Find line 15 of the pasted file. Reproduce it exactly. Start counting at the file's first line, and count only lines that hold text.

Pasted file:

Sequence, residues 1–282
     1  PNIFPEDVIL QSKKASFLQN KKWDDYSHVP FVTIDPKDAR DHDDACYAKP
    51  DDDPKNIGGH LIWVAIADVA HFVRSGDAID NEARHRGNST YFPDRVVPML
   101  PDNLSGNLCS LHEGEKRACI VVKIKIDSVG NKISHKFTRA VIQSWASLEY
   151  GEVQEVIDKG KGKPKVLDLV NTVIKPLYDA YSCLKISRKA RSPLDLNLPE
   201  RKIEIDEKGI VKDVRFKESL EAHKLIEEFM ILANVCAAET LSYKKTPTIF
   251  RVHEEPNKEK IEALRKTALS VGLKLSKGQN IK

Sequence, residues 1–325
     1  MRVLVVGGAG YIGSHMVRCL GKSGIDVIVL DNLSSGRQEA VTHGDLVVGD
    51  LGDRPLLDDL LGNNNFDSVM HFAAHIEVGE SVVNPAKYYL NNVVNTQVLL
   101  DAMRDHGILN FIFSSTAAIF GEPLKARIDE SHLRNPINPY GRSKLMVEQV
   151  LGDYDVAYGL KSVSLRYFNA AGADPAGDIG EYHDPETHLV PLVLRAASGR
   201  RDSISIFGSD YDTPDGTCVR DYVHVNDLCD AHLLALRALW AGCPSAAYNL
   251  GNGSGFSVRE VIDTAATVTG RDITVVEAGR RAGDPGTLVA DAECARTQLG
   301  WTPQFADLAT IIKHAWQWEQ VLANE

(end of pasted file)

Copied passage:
   301  WTPQFADLAT IIKHAWQWEQ VLANE